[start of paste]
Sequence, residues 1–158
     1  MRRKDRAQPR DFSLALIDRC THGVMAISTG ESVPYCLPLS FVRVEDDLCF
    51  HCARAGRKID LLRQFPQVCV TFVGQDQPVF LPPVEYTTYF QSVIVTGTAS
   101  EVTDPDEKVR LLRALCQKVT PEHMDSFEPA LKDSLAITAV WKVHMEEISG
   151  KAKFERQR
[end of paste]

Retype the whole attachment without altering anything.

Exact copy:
Sequence, residues 1–158
     1  MRRKDRAQPR DFSLALIDRC THGVMAISTG ESVPYCLPLS FVRVEDDLCF
    51  HCARAGRKID LLRQFPQVCV TFVGQDQPVF LPPVEYTTYF QSVIVTGTAS
   101  EVTDPDEKVR LLRALCQKVT PEHMDSFEPA LKDSLAITAV WKVHMEEISG
   151  KAKFERQR